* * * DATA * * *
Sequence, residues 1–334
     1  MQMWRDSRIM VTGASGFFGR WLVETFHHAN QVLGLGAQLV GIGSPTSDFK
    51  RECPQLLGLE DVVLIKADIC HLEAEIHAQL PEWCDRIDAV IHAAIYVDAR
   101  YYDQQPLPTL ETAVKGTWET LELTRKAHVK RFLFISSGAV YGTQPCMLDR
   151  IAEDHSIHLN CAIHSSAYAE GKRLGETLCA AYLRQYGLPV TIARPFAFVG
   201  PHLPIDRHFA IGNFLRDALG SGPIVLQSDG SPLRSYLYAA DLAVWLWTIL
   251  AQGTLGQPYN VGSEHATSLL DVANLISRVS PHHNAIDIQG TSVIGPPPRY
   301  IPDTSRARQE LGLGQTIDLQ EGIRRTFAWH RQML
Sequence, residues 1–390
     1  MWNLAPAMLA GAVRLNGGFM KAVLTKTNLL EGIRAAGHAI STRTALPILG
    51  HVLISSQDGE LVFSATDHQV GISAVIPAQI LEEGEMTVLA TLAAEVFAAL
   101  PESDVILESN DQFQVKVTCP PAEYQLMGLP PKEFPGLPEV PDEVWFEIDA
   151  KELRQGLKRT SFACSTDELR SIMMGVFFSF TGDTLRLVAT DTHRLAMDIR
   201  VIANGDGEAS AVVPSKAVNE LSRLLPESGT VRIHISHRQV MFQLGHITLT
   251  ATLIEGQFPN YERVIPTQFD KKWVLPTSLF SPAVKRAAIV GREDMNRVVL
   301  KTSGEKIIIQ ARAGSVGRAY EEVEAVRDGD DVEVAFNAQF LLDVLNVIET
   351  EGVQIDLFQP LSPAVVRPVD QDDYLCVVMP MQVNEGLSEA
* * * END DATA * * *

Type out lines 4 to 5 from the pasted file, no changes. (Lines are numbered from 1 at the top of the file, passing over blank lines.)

   101  YYDQQPLPTL ETAVKGTWET LELTRKAHVK RFLFISSGAV YGTQPCMLDR
   151  IAEDHSIHLN CAIHSSAYAE GKRLGETLCA AYLRQYGLPV TIARPFAFVG